Walter Hopps, 72, the brilliant, idiosyncratic curator who indelibly affected Washington art when he was director of the Corcoran Gallery of Art, died of heart failure March 20, one day before the opening of “The 48th Corcoran Biennial: Closer to Home.”
Mr. Hopps, whose Corcoran directorship ran from 1970 to 1972, curated the 32nd biennial in 1971. The director selected 11 artists, who then chose another 11. Roy Lich-tenstein picked Ro-bert Gordon. Philip Pearlstein chose Alex Katz. It is remembered as one of the most original biennials of all.
Many in the D.C. arts community remember Mr. Hopps’ singular eye, with which he reliably zeroed in on the best art. That eye enabled him, for example, to recognize early the importance of the 20th-century conceptual artist Marcel Duchamp, whom he showed in Pasadena, Calif., in 1963.
Mr. Hopps respected artists, and they were the first people he got to know when he arrived here. He introduced top silk-screen artist Lou Stovall to the D.C. arts community, giving him a silk-screen press in the old Washington Gallery of Modern Art in 1967.
“Without Walter, I could have become an old man before anyone considered silk-screen printmaking important,” Mr. Stovall said.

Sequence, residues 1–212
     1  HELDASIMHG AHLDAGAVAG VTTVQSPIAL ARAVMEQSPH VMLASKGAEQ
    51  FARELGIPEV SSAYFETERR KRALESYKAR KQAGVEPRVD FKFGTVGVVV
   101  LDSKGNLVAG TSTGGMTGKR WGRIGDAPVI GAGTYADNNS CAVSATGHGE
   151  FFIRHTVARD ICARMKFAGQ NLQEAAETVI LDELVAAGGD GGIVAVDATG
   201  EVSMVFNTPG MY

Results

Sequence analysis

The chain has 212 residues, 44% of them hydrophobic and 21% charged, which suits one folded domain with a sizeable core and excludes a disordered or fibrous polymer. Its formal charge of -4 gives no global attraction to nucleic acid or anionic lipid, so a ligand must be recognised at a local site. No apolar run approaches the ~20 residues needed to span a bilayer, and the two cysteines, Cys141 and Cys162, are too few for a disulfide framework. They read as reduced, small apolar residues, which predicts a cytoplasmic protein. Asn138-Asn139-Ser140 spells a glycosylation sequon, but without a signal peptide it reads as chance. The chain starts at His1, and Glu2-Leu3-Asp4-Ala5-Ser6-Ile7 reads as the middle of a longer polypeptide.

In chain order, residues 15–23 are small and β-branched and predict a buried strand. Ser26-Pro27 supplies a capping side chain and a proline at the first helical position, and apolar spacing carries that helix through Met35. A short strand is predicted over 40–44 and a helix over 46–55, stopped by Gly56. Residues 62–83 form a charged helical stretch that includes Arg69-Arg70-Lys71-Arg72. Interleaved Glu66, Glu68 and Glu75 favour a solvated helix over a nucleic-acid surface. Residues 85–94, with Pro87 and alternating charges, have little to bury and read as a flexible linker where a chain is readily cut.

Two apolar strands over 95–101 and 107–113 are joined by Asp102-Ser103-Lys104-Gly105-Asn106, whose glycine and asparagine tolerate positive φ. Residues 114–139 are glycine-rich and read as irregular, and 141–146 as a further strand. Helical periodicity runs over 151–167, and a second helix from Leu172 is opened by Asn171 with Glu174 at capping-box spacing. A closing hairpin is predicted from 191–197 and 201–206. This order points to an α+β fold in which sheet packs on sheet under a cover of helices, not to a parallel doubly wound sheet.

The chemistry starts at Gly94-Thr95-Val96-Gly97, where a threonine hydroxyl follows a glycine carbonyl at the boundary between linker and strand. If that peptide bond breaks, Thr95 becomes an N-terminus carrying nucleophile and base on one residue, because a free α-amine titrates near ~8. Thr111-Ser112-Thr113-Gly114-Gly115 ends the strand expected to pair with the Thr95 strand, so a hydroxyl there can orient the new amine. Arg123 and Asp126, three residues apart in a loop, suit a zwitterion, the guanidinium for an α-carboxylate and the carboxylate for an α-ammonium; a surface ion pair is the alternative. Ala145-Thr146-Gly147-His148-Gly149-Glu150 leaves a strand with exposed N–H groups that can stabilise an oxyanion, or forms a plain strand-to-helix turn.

The director discovered the internationally prominent artist Sam Gilliam, who has a major Corcoran retrospective this fall. “He was so important in getting things started here,” Mr. Gilliam said.
Mr. Hopps was a role model for young curators such as Jonathan Binstock, the Corcoran curator of contemporary art, who co-curated this year’s biennial. Calling Mr. Hopps “the greatest curatorial eye of the 20th century,” Mr. Binstock said, “He taught us not only to see the art first, but also to consider the locations of the light switches, wall labels and doorways.”
At his death, Mr. Hopps was consulting curator of the Menil Collection in Houston.
— Joanna Shaw-Eagle